SCEA CEO: "Wii Hasn't Aged Well, DS Is a Babysitting Tool"
SCEA boss Jack Tretton recently made some bold statements about Sony's position compared with Microsoft and Nintendo. According to Tretton, Microsoft's continual reliance on DVD discs is what ultimately prevents the Xbox 360 from being on par with today's technological standards. This criticism is obviously directed toward games like Final Fantasy XIII and Dead Space 2, which had to be put on multiple discs for the Xbox 360.
The Sony CEO also made harsh remarks about the Wii, saying that Nintendo's console just doesn't hold up well these days. "They're starting to run out of steam now in terms of continuing to be relevant in 2011 and beyond," said Tretton. "I mean, you've got to be kidding me. Why would I buy a gaming system without a hard drive in it? How does this thing scale? Motion gaming is cute, but if I can only wave my arms six inches, how does this really feel like I'm doing true accurate motion gaming?"
Tretton also targeted the DS, expressing that he doesn't find the dual screen handheld a true competitor in the portable gaming market. "Our view of the 'Game Boy experience' is that it's a great babysitting tool, something your kids do on airplanes, but no self-respecting twenty-something is going to be sitting on an airplane with one of those," said Tretton. "He's too old for that."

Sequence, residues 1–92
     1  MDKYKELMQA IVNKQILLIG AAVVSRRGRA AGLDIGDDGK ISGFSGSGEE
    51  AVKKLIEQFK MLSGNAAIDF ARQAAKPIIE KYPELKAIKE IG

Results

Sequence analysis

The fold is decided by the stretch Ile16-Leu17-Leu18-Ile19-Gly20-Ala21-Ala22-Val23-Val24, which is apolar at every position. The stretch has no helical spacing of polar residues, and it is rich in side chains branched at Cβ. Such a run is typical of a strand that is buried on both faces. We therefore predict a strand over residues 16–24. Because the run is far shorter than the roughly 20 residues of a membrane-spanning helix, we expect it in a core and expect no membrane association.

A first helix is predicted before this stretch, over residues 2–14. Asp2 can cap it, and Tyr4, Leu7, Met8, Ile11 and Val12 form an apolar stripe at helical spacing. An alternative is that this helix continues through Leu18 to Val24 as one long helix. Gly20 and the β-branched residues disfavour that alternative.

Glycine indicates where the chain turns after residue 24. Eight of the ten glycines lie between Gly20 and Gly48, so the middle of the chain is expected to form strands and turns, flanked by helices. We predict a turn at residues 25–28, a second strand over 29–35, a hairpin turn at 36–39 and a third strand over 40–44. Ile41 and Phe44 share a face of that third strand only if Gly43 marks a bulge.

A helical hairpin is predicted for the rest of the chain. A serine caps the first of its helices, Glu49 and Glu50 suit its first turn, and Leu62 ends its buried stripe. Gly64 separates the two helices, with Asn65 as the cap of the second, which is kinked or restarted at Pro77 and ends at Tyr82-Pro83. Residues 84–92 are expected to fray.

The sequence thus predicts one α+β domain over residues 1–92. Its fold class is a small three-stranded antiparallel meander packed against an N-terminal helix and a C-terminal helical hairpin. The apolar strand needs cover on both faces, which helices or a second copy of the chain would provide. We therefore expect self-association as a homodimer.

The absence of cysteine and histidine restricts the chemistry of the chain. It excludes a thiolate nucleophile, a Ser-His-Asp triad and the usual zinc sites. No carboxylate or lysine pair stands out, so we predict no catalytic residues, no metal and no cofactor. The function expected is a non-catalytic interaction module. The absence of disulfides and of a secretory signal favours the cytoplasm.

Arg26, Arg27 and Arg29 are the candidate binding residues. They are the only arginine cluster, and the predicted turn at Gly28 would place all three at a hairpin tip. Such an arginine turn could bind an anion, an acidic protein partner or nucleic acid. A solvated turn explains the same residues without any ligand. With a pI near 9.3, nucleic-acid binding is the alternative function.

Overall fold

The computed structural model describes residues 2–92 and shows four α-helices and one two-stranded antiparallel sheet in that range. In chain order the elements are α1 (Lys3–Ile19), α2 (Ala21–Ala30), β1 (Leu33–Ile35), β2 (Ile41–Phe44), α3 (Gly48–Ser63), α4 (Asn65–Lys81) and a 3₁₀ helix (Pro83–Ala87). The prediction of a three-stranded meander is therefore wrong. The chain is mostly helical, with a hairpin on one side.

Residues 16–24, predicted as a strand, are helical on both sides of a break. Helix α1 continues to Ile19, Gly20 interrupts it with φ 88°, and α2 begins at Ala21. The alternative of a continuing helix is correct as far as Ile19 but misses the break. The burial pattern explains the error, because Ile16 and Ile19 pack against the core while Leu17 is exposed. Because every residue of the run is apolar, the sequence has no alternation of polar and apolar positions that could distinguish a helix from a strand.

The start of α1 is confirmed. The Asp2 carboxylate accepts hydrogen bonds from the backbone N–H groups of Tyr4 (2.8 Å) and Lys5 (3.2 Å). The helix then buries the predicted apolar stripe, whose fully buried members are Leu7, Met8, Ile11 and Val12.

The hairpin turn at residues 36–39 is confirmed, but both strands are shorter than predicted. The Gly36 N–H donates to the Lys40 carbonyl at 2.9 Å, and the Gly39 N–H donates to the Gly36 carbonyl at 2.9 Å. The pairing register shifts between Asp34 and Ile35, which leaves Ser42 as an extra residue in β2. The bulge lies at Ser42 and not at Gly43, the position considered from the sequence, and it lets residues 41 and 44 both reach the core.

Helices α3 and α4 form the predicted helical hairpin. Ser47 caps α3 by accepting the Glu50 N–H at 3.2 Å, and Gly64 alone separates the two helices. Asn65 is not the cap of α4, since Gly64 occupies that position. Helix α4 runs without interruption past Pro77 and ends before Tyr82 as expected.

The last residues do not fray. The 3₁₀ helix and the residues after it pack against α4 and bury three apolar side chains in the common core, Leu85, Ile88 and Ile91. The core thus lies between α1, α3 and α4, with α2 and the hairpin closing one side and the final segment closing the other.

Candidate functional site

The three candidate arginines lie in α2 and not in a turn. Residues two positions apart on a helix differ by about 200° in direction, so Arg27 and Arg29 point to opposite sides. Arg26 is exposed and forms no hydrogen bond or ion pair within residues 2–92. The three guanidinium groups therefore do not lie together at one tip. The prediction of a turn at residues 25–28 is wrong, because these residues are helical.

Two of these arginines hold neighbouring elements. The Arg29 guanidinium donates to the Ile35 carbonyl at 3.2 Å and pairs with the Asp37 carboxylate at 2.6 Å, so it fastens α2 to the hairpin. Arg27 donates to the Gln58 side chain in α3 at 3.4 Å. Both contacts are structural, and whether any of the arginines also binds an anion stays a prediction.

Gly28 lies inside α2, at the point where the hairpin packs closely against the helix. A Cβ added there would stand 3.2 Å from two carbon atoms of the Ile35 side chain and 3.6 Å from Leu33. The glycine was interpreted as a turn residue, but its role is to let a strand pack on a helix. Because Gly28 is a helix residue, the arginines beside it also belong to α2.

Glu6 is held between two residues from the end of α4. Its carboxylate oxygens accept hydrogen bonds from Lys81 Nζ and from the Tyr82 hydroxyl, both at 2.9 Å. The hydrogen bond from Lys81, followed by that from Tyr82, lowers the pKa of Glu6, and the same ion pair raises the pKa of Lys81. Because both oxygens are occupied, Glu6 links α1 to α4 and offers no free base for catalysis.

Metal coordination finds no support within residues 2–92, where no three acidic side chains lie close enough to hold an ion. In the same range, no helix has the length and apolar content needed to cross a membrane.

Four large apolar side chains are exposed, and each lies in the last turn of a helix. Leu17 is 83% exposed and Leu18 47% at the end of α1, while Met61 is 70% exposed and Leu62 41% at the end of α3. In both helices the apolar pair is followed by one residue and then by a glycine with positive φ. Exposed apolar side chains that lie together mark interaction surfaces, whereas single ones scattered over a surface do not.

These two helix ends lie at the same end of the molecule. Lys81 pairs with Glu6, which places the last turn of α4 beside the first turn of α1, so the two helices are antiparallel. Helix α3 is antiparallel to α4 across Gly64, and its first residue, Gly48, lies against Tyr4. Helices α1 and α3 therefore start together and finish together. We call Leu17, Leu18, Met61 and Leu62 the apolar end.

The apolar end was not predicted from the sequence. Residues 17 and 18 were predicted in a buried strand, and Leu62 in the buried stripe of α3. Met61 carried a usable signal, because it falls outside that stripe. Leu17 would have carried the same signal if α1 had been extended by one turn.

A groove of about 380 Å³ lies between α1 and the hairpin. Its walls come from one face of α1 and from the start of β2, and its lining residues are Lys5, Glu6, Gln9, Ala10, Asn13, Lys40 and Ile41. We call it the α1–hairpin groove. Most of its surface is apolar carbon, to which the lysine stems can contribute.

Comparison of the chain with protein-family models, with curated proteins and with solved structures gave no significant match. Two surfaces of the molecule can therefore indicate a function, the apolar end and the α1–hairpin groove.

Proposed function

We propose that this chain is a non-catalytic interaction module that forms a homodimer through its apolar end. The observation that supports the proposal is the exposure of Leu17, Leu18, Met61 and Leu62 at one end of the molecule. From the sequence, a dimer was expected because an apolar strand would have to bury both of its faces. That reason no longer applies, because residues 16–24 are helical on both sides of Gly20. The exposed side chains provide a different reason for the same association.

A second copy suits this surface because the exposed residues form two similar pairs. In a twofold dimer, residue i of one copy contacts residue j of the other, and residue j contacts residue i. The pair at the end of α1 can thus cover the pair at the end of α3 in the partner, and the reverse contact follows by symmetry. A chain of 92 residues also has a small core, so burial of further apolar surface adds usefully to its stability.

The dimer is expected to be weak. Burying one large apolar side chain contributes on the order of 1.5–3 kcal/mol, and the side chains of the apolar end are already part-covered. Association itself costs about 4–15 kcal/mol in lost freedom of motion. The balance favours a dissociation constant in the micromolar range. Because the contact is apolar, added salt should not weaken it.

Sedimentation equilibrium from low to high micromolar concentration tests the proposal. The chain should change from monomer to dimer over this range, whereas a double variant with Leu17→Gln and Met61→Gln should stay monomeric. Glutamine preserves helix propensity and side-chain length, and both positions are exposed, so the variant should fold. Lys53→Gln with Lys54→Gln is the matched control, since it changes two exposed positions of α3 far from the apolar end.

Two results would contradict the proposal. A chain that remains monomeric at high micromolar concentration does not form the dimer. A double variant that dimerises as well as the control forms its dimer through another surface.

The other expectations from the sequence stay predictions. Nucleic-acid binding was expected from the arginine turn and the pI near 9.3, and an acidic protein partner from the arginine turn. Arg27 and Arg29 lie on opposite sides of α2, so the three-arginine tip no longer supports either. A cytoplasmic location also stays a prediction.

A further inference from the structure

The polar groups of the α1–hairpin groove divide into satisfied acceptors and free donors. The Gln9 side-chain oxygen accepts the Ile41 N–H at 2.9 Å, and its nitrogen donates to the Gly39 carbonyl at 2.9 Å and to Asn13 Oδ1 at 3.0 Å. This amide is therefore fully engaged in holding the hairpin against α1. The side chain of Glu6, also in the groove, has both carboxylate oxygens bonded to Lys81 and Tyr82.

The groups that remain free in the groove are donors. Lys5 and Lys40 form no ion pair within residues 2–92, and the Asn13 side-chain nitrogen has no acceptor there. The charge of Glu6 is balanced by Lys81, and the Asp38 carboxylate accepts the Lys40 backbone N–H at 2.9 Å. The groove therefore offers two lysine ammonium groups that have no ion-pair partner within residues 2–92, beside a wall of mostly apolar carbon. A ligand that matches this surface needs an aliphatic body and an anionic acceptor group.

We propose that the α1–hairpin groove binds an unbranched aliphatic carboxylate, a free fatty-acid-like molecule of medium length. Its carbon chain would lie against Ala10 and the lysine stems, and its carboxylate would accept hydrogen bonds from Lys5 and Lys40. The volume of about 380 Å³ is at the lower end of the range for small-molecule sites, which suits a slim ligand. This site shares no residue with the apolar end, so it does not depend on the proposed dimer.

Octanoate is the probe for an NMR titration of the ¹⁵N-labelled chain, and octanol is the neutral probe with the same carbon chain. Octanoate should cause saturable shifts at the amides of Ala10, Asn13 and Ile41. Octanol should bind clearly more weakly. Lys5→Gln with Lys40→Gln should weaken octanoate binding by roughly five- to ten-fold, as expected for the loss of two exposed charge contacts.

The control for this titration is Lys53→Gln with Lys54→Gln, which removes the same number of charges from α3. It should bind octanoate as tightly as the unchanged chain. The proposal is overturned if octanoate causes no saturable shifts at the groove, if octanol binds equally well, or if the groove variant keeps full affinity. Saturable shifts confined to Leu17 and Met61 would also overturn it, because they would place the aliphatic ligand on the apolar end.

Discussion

I'm a big fan of Sony, but I find it impossible to agree with anything Tretton has said. Though the Xbox 360 may rely on DVD discs (a format that some people believe is starting to show its age), it still offers an experience that rivals that of the PlayStation 3. Having to get up to switch discs isn't really that big a deal, unless you literally hate movement of any kind. Swapping discs halfway through a game is in no way an experience-breaking action, so Tretton's argument that Microsoft's use of DVD discs is archaic is a bit questionable.
Everyone knows that the Wii isn't winning awards for technical achievements. It's the weakest console on the market in terms of power, it doesn't have a hard drive, and it's riddled with shovelware. But it is the system that introduced motion controls into the current generation of gaming, and Nintendo's library of strong, exclusive franchises is more than enough to drive the platform forward.
Lastly, I know a bunch of self-respecting individuals in their twenties who own a DS and enjoy it a lot more than the PSP. Heck, I'm one of those people! It makes sense that Tretton would bash the competition, but it would be more damaging if his arguments actually had substance.